How many hours apart is 4 times a day? (+1 facts)

In this article, we will discuss ‘how many hours apart is 4 times a day’. We will also discuss if you always need to keep a 6-hour gap between the next dose while taking medicines 4 times a day.

How many hours apart is 4 times a day?

If your prescription says 4 times a day, it means you have to take your medication after every 6 hours. We simply divide 24 hours in a day with 4 times daily doses and we get an answer of 6 (24/4=6).

However, waking up the patient at night is difficult. Therefore, most of the doctors agree that 4 times a day does not necessarily mean after every 6 hours. You may take your medication after 4 or 5 hours after consulting your doctor.

4 times a day is medically denoted by QID which comes from the Latin word ‘quater in die‘. According to the patient’s convenience, a 4 times a day dose is taken after breakfast, lunch, supper, and dinner.

If you cannot take your medicine with food, then 4 times a day doses are taken in the morning (after waking up), afternoon, late afternoon, and at night (just before going to sleep). Always follow the instructions given by your doctor for safe and effective use of medicines.

What does 4 times in 24 hours mean?

4 times in 24 hours means that you should take your medicine after every 6 hours while being awake. However, you cannot stay awake for 24 hours just to take your medicine. Therefore, healthcare professionals often agree to make these hours flexible.

The 4 times a day medicines should preferably be taken at 06:00 am, 12:00 pm, 06:00 pm, and 11:59 pm. However, most of the patients are unable to comply with such a dosing schedule due to their sleeping patterns. 

The dosage regimen and timings are decided by your doctor to get the maximum benefit from the treatment protocol. The dosing interval is often decided according to your sleeping pattern. Usually, an interval of 4 or 5 hours is kept between the next dose.

As an example, if you wake at 07:30 am and go to sleep at 10:30 pm, then you may take the medicine this way (1, 2):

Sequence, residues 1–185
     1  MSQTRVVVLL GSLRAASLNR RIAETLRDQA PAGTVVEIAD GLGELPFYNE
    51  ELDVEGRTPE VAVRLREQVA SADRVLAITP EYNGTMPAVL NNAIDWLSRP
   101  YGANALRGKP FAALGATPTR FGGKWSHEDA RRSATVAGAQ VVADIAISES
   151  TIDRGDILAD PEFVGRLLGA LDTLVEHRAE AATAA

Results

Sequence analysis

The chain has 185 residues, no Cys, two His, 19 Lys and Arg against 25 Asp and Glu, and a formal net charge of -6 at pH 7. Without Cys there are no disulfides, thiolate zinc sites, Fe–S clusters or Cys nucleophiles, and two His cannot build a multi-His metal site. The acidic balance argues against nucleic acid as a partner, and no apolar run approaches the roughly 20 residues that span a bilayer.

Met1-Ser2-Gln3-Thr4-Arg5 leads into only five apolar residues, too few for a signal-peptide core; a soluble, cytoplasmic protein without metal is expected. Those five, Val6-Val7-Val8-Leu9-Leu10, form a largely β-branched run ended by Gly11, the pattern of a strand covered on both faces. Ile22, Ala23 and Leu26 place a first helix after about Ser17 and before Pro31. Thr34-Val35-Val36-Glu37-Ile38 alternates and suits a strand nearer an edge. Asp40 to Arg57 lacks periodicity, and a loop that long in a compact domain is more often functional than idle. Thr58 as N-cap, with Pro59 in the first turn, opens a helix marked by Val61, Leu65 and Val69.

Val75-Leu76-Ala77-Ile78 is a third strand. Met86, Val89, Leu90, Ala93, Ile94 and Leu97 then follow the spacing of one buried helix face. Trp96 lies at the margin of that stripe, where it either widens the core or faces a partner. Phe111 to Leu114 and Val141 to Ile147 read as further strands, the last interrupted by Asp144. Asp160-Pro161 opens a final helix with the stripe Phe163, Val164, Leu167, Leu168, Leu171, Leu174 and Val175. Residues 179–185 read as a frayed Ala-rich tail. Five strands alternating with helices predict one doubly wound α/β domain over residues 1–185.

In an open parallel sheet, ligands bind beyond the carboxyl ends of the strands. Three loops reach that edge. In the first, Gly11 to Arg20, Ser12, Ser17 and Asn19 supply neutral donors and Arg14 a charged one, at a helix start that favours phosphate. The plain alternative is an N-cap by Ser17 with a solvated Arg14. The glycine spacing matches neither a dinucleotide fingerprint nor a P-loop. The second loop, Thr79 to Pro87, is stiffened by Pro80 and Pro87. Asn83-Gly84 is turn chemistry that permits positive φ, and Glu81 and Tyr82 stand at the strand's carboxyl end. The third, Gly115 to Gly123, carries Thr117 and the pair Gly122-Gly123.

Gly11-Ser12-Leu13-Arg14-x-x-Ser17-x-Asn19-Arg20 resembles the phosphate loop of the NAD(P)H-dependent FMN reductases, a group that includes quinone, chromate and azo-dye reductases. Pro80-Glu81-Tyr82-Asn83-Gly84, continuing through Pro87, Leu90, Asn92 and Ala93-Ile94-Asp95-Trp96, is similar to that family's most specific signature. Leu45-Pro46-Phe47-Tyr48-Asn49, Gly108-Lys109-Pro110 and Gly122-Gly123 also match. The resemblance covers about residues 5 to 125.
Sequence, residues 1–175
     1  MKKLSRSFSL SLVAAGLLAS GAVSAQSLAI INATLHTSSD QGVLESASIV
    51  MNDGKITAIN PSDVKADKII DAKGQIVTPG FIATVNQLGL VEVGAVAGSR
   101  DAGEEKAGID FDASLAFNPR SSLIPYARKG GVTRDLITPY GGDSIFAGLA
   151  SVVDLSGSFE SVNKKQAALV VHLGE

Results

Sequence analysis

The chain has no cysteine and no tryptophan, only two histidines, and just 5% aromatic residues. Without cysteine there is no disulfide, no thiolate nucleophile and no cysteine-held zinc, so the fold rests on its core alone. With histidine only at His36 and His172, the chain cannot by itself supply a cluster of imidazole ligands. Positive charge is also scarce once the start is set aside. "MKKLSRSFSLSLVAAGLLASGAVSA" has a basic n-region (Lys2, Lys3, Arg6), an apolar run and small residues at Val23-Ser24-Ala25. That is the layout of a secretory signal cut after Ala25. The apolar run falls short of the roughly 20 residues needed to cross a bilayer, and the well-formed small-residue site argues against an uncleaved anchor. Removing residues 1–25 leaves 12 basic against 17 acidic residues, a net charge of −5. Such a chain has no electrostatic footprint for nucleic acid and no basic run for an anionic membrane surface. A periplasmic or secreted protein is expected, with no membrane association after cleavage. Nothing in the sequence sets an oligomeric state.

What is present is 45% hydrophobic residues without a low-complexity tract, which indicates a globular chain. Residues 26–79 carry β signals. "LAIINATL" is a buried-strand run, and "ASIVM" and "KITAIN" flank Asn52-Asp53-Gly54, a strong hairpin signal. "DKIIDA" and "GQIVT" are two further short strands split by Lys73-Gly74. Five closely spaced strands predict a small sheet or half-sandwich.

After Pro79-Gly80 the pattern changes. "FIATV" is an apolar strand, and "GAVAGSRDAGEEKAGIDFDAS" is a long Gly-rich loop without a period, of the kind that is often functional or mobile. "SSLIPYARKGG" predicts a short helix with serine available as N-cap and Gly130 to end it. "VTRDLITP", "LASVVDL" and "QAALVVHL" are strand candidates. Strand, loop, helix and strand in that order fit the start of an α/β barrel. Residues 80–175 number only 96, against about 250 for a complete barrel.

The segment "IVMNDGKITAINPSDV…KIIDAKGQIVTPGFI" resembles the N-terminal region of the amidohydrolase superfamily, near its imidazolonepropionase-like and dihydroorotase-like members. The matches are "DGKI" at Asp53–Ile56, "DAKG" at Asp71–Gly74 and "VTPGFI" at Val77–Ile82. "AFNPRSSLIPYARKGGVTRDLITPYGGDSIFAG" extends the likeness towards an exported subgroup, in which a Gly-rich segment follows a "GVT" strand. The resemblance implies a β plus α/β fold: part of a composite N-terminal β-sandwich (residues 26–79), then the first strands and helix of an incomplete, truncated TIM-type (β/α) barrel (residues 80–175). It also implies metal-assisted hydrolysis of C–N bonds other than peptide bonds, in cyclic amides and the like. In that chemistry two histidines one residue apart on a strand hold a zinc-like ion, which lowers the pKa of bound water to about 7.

• 08:00 am: before or after having breakfast.
  • 12:00-01:00 pm: before or after taking lunch.
  • 05:00-06:00 pm: before or after tea/snacks.
  • 10:00-10:25 pm: after having dinner.

Does taking medicine earlier than 6 hours affects drug efficacy?

Taking medicines after 4 or 5 hours when it is prescribed 4 times a day may or may not affect the drug’s efficacy and onset of action. As an example, taking antibiotics 2 hours earlier than the prescribed time may not have a significant impact.

Some research studies state that underuse of antiasthmatic drugs like beclomethasone and albuterol does not worsen asthmatic severity when given 4 times a day (3). However, chances of non-compliance are also greater in a 4 times-a-day dosage regimen (4).

Nyquil is a cold and flu medicine that is given 4 times a day with an interval of 6 hours. However, it is recommended that you should not take it more than 4 times daily as it may cause side effects including anxiety, hallucinations, and respiratory depression.

What does research suggest?

In one of the clinical studies, asthmatic patients were asked to take inhaled flunisolide twice daily (BID, four inhalations) or QID (two inhalations). The group of patients (n=8) taking the QID dose showed non-compliance due to the dosing frequency (4).

In a randomized, blind crossover study, acetaminophen (1000 mg) given 4 times daily reduced postoperative swelling on the 3rd postoperative day more than naproxen (500 mg) which was given 2 times daily. Acetaminophen was given at 08:00, 12:00, 16:00, and 20:00 hours (1).

In another study, clinicians administered loteprednol etabonate (0.2% suspension) 4 times daily at 4-hour intervals for 15 days. Alternatively, olopatadine (0.1% solution) was given 2 times a day at 6-8 hour intervals for seasonal allergic conjunctivitis (2).

As a pharmacist, patients often complain about non-adherence to the dosage regimen when a drug is prescribed 4 times a day. Non-compliance with the dosage regimen may reduce the effectiveness of the medicine. 

I always recommend to my patients that they should talk to their doctor if they are not comfortable taking their medicine 4 times a day. Your doctor may change the drug to the one which is given once or twice daily. 

Was this helpful?

Thanks for your feedback!



Bjørnsson GA, Haanaes HR, Skoglund LA. Naproxen 500 mg bid versus acetaminophen 1000 mg qid: effect on swelling and other acute postoperative events after bilateral third molar surgery. The Journal of Clinical Pharmacology. 2003 Aug;43(8):849-58.


Gong L, Sun X, Qu J, Wang L, Zhang M, Zhang H, Wang L, Gu Y, Elion-Mboussa A, Roy L, Zhu B. Loteprednol etabonate suspension 0.2% administered QID compared with olopatadine solution 0.1% administered BID in the treatment of seasonal allergic conjunctivitis: a multicenter, randomized, investigator-masked, parallel group study in Chinese patients. Clinical therapeutics. 2012 Jun 1;34(6):1259-72.


Mann MC, Eliasson O, Patel K, Zu Wallack RL. An evaluation of severity-modulated compliance with qid dosing of inhaled beclomethasone. Chest. 1992 Nov 1;102(5):1342-6.


Mann M, Eliasson O, Patel K, ZuWallack RL. A comparison of the effects of bid and qid dosing on compliance with inhaled flunisolide. Chest. 1992 Feb 1;101(2):496-9.